Taliban unlikely to support keeping US counterterrorism in Afghanistan, analysts say
KABUL, Afghanistan — Taliban negotiators are likely to oppose any proposal for the U.S. to establish a lasting counterterrorism presence in Afghanistan during upcoming peace talks with the government in Kabul, analysts said.
While President Donald Trump has often called for a troop withdrawal, he also said the U.S. is “going to always have a presence” in Afghanistan for counterterrorism in an interview on Fox News radio last fall. Trump envisions the Taliban helping the U.S. fight the Islamic State, he said in a White House press briefing in February.
Some lawmakers, including Republican Sen. Lindsey Graham, also have proposed leaving such a residual U.S. force to prevent the country being used again as a launchpad for global terrorism.
But any remaining foreign presence is a nonstarter among Taliban members, said Andrew Watkins of the International Crisis Group, which released a report Tuesday on the group’s internal views.
“Members of the Taliban we spoke to, at all levels of the organization, in all parts of the country, said this was a non-negotiable issue, that there cannot be a Western footprint,” said Watkins, the Brussels-based think tank’s senior analyst for Afghanistan.
The report, based on interviews with Taliban, Afghan and Western officials over several years, comes ahead of intra-Afghan negotiations expected to begin after the government’s representatives depart for Qatar on Thursday. The initial talks are expected to review terms for a cease-fire.
The U.S.’s promised withdrawal of all American and allied forces by the middle of next year isn’t contingent on the success of the talks, but on whether the Taliban break ties with al-Qaida and block such terrorist groups from using Afghan soil to train, recruit or raise funds.
The U.S. already has fewer than 9,000 service members in the country, and both Trump and Defense Secretary Mark Esper have said recently that plans call for that number to drop below 5,000 by Election Day.
So far there is little indication that the hard-line Islamist insurgents have distanced themselves from al-Qaida.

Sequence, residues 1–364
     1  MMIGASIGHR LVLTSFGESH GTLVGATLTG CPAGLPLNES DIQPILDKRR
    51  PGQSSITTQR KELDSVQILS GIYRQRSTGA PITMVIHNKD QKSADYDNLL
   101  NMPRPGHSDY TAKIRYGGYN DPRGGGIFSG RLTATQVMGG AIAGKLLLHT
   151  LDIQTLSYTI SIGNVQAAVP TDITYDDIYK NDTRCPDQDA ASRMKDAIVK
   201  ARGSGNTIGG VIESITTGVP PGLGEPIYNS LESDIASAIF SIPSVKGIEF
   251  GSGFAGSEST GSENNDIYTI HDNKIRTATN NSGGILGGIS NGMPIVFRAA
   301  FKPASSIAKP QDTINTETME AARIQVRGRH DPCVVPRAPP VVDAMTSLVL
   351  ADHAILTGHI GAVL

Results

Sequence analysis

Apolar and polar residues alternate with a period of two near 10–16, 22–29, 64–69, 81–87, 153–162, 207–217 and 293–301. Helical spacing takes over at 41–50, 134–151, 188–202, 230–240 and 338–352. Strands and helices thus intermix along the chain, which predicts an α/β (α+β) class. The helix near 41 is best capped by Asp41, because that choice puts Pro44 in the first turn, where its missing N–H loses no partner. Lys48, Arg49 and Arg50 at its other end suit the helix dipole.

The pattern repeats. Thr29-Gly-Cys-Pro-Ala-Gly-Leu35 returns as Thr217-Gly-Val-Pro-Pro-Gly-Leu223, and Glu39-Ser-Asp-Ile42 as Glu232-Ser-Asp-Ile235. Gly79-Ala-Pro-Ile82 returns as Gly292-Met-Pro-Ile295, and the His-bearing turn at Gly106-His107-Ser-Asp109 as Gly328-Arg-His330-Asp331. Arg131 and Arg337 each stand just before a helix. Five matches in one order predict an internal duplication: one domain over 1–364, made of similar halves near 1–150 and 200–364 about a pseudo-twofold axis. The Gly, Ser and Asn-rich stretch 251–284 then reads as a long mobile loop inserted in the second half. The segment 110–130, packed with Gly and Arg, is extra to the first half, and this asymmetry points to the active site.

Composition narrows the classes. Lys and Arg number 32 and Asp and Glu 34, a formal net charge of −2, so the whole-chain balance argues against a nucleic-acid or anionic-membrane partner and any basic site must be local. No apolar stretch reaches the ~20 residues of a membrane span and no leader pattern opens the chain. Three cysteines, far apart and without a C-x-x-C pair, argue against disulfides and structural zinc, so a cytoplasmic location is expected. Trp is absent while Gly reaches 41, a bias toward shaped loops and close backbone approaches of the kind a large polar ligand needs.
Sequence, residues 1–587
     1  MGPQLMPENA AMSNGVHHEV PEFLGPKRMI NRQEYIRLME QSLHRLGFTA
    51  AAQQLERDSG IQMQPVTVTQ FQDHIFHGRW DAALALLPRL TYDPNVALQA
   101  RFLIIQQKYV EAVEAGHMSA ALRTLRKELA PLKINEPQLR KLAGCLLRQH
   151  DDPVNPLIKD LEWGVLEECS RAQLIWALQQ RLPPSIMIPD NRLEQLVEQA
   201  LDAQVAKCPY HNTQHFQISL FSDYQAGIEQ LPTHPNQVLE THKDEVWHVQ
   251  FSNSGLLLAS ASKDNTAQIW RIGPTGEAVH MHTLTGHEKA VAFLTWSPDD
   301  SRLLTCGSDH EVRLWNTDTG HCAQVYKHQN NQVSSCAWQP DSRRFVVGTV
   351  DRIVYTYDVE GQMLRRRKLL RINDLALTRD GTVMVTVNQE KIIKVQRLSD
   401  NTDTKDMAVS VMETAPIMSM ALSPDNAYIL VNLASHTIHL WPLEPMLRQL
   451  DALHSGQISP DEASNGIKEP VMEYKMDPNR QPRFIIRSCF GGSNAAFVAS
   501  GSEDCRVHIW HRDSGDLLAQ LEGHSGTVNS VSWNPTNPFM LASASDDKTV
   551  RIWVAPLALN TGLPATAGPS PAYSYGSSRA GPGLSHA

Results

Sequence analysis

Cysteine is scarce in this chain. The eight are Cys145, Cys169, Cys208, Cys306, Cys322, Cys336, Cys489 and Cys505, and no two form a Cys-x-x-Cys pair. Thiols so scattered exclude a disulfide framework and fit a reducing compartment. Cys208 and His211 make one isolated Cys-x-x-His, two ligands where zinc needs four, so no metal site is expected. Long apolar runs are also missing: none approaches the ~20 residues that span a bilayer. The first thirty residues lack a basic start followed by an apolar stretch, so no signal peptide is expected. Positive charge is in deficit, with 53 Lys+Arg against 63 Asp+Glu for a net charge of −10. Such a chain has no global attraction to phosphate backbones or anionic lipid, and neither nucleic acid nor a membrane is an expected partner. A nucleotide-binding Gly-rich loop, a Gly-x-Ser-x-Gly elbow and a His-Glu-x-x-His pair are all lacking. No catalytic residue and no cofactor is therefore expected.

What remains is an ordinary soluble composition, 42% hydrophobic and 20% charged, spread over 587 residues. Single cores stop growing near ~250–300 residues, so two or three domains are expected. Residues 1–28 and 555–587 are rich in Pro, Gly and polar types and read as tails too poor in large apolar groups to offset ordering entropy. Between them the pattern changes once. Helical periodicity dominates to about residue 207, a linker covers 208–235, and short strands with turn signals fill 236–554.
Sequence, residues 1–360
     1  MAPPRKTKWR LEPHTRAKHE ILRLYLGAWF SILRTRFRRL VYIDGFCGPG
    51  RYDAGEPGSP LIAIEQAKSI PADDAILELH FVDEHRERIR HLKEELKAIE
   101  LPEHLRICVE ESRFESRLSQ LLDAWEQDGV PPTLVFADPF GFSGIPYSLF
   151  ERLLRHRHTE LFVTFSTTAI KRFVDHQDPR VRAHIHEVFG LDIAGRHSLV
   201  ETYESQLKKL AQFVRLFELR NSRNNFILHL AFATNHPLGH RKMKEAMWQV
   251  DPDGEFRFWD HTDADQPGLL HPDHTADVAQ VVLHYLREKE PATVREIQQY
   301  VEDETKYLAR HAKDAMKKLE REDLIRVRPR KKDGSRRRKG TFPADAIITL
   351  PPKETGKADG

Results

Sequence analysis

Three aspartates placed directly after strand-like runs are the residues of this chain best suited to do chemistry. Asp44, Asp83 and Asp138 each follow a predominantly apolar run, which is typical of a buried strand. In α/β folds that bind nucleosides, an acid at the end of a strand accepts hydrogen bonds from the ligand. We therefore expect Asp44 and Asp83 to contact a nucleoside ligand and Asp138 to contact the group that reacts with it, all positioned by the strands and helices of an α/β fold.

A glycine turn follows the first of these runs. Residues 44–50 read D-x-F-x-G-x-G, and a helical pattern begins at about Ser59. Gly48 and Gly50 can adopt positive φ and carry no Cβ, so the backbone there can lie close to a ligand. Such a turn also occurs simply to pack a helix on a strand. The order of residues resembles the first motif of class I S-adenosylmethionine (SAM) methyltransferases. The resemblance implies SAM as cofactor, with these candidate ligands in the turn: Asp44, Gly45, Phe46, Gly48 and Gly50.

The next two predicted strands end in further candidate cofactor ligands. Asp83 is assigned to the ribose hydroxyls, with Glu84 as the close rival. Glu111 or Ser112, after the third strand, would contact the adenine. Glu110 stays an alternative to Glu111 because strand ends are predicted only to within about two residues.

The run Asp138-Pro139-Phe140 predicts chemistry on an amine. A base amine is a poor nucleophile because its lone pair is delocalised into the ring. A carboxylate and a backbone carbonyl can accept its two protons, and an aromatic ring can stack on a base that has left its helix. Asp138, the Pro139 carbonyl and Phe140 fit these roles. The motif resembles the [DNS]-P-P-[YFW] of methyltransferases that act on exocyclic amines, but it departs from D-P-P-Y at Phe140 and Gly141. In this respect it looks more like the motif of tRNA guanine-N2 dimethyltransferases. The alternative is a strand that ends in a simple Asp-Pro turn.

Lawmakers in Washington have questioned how the U.S. plans to ensure the group complies with the peace terms after foreign troops leave. Military planners and analysts have suggested a continuing presence of mostly special operations.
“The right answer is to reduce U.S. troops strength, but maintain sufficient forces to prevent a resurgence of terrorist activities,” said James Stavridis, a retired admiral who oversaw operations in Afghanistan as NATO’s supreme allied commander from 2009 to 2013.
That would require about 5% of the 150,000-troop force Stavridis commanded at the height of the war, he said.
Another national security expert, Kamran Bokhari, said at least 4,000 troops, intelligence officials and contractors are required for effective counterterrorism operations.
But Taliban leadership would have a hard time selling the notion to the rank-and-file, said Bokhari, of the Washington-based Center for Global Policy. It would require major concessions, he said.
“How do you compromise and not look like you caved in?” Bokhari asked. “They’re going to want something really big in exchange, like changing the [Afghan] constitution.”
Even if a U.S. force were to remain, the prospect of cooperation with the Taliban raises doubts, Bokhari said.
“It’s not easy to go from shooting people to saying, ‘Let’s all go fight (Islamic State-Khorasan) and al-Qaida and the other foreign fighters,” Bokhari said.
The Taliban faces being viewed as an international pariah like it was in the 1990s if it can’t convince other nations that they’re serious about fighting terrorist groups, said Omar Samad, a former Afghan ambassador and government adviser.
“Part of the burden is on the Taliban to prove themselves worthy of being part of a future counterterrorism setup,” said Samad, who is now with the Washington-based Atlantic Council. “And part of the burden is on the Americans to hold their feet to the fire.”